Updated: Nov 16
A couple of weeks ago, I downloaded the Finch app. It's like a Tamagotchi for mental health. I put in a series of goals that I check off during my day. The goals I meet translate into energy for my finch. Once I hit 25 energy bolts, my finch has enough energy to explore and grow. Everything after 25 turns into rainbow gems that allow me to deck out its little house. The hope is that by powering up my finch I, in turn, power myself up to face and survive my day. It’s working pretty well, in large part, because I don’t want the little robot pet neglected. My Tamagotchi trained me well. Who knew those skills would one day be used to pull me out of the crater left by my mother’s death?
One of the goals I set for myself was to write an old friend. I have yet to meet this goal. When I think of this goal, I think of the friends I've had to let go of in the last decade of my life. I’d rather think of the people who are still present, still checking in, still showing up; but I don’t. I want to sit down like a Victorian-era woman gazing out into her garden and pen the most heartfelt pieces of prose on elegant stationary paper. That’s not what’s happened. Instead, my mind replays the absent deuteragonists as if they were the main characters in the movie of my life. Maybe it’s a holdover from the neglect of my parents that my brain still seeks out those who don’t seek me.
If I’m honest with myself, I don't want to write any of the ghosts from my near or distant past a letter or even a one-word text. Regardless of how often my brain conjures their memory, I don’t want them lingering in my present. The husband suggested I write the letters and then burn them since anything I need to say would be for me alone. It’s a nice idea, but I don't want to sit down every Tuesday and write letters to people who aren't here, in this life-changing moment, with me. So I decided to hack the system and combine my letters to these humans and my goal to write for 30 minutes each day into one activity that will, hopefully, allow me to collect that sweet, sweet energy and also make peace with all that's been left unsaid.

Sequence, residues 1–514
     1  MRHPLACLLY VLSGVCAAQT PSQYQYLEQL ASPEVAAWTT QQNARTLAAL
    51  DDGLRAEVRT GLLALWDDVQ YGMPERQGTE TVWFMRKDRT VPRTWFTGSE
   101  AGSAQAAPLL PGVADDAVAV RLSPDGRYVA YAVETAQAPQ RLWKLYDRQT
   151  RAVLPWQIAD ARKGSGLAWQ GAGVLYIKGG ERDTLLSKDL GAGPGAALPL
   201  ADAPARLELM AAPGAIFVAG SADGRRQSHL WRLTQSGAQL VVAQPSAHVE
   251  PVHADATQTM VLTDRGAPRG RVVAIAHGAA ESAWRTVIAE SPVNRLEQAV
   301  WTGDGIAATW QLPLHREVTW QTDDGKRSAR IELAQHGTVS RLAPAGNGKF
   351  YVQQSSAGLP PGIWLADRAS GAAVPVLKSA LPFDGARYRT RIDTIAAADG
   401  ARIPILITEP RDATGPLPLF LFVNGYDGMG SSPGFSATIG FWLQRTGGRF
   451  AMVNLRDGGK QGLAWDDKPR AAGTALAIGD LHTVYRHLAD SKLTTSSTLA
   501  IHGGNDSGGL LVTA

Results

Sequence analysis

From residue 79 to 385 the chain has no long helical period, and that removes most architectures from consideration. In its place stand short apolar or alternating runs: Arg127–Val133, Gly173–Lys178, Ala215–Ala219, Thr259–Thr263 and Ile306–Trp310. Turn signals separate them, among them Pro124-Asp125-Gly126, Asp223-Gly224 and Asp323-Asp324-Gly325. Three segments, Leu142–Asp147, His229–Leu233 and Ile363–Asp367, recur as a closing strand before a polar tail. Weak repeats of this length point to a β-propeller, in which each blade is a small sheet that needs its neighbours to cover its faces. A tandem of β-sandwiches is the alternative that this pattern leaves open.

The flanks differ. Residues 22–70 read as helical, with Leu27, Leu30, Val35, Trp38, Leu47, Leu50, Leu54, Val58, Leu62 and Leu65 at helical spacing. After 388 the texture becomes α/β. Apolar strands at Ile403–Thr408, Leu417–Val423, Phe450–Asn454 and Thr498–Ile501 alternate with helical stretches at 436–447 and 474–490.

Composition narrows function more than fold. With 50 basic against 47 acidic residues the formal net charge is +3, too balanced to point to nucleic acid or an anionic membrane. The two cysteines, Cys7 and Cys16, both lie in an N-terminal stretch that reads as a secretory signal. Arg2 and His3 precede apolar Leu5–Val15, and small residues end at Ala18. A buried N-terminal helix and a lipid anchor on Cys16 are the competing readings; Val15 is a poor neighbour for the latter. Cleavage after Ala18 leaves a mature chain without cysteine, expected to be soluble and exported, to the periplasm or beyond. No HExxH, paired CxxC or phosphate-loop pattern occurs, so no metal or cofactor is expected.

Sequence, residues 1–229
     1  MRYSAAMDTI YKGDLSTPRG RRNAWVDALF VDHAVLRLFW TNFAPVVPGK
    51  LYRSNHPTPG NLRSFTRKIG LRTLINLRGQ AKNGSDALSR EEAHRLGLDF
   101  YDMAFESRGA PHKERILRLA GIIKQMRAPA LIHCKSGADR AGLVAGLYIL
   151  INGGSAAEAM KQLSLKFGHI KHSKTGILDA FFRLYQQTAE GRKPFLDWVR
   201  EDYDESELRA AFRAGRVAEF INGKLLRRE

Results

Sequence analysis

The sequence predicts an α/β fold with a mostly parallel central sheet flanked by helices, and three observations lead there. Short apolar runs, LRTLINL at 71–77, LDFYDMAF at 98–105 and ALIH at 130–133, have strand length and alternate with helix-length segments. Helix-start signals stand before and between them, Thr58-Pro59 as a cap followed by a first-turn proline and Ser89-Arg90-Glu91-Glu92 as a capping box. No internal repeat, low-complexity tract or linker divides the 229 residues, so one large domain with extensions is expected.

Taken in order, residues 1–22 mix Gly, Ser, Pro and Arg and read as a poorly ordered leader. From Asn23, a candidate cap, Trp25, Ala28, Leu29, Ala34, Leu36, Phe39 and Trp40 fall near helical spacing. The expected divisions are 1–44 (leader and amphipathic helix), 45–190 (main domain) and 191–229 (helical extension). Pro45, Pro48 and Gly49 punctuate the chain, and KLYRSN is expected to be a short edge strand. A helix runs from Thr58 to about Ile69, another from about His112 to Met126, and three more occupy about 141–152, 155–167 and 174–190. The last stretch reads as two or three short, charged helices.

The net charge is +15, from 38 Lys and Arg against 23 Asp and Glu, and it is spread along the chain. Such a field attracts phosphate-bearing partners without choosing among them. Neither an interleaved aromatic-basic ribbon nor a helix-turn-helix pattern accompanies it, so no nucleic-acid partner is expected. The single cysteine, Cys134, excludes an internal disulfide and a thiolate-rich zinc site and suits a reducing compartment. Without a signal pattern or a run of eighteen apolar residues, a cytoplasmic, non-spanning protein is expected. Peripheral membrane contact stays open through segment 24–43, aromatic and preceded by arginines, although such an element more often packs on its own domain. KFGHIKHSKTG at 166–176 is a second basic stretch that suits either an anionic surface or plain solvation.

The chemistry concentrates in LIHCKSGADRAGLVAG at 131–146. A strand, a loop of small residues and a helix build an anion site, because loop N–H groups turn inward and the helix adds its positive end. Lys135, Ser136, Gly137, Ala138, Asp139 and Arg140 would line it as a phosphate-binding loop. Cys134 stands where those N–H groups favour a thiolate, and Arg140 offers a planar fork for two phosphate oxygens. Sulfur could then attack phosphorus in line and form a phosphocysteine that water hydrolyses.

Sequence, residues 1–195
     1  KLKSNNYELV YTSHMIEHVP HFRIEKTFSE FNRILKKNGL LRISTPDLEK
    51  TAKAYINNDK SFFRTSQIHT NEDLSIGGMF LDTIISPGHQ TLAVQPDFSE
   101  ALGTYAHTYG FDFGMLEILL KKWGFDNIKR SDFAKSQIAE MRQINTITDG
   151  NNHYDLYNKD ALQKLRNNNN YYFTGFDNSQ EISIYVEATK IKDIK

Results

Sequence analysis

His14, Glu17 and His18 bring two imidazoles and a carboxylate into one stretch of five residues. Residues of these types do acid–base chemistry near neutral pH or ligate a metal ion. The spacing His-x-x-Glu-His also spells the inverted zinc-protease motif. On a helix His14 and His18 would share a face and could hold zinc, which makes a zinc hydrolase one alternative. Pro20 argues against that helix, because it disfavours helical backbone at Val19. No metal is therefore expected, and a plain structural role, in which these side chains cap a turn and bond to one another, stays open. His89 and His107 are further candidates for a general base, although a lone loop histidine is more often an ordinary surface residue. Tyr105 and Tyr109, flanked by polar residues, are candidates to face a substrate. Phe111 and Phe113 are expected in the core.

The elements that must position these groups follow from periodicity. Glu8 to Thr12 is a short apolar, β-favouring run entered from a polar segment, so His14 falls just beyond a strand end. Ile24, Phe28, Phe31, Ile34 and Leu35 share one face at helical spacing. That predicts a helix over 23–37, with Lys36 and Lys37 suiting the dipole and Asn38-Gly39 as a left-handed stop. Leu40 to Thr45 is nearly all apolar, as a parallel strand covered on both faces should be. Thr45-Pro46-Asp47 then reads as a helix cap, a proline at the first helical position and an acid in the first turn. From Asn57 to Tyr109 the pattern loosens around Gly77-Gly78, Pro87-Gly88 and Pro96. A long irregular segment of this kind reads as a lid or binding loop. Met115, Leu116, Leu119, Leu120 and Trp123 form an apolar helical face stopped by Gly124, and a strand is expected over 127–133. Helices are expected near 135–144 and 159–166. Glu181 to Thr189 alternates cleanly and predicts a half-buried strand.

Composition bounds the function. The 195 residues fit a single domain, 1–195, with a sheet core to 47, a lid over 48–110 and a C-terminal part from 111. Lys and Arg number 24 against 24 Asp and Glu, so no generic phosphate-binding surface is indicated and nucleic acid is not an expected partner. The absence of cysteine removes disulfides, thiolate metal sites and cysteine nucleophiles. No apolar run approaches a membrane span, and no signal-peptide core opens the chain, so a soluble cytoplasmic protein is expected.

It goes without saying, that the grief that comes with the death of a friendship hits differently than the grief of losing a parent. It's still grief, though. You still go through a process of mourning the relationship and person you knew. You miss the way they understood you in a space and time occupied only by the two of you. You miss the adventures you shared and the way they pushed your buttons to make you think about things from a different angle. You miss the energy their presence sprinkled into your life. The vibrations they caused in your soul even when they weren’t physically present. People leave invisible marks that we can’t erase, we can’t see them but we know they are there. They’ve changed something about us for better or for worse.